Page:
Should The Animal Protein Feed Ban Be Expanded?

US - The latest case of BSE in Canada has rekindled calls for a total ban on the use of any animal protein in any type of animal feed.

Currently, the United States and Canada do not allow the use of these products in feed for ruminants but it is allowed for simple-stomach species.

Critics say this is too risky, that there are facilities that manufacture feed for both types of animals and there is always the chance of cross-contamination.

Tom Cook is president of the National Renderers Association, he says the call for a total ban is, “Unnecessary and premature.” Cook says for starters, they have yet to determine if the six-year-old cow in British Columbia was, in fact, infected by contaminated feed. He adds the firewalls are in place and, “There is no need to throw the baby out with the bathwater.”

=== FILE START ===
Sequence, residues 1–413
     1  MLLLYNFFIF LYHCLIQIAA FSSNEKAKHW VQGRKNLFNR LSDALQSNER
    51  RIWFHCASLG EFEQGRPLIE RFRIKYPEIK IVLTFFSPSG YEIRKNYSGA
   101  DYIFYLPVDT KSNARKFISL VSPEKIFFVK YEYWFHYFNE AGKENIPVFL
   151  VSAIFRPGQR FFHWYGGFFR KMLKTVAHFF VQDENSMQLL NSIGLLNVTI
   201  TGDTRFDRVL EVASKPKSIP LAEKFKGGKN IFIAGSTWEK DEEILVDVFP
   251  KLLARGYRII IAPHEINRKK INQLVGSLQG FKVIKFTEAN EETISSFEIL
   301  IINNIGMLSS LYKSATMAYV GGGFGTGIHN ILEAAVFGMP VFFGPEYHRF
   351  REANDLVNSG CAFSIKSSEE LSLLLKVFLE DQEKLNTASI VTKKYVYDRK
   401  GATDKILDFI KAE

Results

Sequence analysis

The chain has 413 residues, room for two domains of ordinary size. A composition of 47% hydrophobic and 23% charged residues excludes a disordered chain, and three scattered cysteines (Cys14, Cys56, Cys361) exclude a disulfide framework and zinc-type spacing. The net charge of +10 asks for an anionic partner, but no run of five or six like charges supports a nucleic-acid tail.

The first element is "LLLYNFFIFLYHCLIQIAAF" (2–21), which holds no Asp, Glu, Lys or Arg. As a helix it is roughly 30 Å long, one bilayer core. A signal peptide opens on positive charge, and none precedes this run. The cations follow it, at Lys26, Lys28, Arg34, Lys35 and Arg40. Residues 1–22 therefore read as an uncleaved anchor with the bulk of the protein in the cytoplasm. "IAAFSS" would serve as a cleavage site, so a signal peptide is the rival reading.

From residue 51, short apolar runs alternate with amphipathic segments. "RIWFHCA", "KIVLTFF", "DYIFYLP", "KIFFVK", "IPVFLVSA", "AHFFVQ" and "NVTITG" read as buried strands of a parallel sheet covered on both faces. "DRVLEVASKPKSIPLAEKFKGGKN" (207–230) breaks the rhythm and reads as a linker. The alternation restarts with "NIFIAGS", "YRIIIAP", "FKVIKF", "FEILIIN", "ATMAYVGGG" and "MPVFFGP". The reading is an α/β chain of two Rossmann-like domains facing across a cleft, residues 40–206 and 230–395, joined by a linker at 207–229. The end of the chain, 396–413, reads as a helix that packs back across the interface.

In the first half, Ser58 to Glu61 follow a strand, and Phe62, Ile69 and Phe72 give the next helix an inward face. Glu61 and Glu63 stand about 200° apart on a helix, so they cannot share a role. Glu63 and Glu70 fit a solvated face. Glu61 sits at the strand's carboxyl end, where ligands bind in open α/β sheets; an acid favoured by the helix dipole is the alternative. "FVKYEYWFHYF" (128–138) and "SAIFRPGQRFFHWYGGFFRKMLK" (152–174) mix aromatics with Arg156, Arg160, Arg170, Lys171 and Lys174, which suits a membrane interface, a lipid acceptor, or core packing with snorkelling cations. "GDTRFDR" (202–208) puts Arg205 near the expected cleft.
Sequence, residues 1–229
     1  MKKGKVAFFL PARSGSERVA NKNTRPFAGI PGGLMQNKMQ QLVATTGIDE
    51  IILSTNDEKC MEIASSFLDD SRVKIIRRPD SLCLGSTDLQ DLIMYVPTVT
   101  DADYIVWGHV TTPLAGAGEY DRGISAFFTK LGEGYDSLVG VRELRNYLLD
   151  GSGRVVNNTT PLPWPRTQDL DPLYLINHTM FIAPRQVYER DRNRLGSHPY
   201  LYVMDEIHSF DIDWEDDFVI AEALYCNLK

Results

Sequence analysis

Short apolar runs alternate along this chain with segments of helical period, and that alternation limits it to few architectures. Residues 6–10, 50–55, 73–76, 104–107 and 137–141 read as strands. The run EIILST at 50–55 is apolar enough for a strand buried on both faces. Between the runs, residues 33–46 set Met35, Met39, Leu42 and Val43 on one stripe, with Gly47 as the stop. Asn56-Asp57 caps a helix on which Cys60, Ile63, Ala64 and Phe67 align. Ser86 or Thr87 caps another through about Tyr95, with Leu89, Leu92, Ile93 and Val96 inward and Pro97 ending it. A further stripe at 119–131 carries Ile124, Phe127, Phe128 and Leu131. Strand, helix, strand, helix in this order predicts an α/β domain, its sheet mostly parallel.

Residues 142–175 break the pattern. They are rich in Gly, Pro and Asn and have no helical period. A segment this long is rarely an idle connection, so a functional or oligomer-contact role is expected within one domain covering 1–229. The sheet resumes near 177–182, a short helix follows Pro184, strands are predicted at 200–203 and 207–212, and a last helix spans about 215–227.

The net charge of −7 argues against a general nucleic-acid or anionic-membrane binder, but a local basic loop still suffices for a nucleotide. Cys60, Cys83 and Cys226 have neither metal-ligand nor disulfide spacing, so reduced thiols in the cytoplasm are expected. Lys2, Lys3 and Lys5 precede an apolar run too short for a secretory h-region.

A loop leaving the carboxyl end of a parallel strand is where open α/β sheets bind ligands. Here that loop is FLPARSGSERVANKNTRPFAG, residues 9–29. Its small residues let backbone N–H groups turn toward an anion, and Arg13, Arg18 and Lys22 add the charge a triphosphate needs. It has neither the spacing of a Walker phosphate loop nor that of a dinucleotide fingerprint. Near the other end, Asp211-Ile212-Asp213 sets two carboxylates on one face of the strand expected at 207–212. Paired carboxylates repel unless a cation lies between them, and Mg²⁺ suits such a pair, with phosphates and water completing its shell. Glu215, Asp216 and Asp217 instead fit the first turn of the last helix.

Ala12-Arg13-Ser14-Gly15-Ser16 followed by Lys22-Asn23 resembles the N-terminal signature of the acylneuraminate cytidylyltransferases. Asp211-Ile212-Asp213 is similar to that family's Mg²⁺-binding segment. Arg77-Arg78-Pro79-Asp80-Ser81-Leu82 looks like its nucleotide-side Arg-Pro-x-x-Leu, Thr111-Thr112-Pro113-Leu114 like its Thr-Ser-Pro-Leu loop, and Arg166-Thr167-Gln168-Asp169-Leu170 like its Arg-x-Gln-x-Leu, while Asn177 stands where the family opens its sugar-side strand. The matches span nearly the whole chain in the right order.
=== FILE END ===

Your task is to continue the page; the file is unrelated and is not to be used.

As for the risk of contamination, Cook says most of the plants that process feed do not make feed for both ruminants and non-ruminants. When you get down to the few plants that do process both, “There are guidelines in place, there are regulations from FDA as far a clean-out procedures and it is not fair to deprive those companies that have good processes in place to prevent cross-contamination, from denying them of that practice.”

Cook adds that if the use of animal proteins were completely banned, it would be the livestock producer that would take the hit. He says if you eliminate the market for meat & bone meal, fats and oils, “The latest figures I’ve heard, you may be taking $40 out of every cattleman’s pocket for every animal he or she sells.”

Add to that, “If the product is not rendered, if it can’t be used for that purpose, not only do you loose that value; you incur the additional expense of disposing of that material.”

Source: Brownfield
calendar icon 20 April 2006
clock icon 1 minute read
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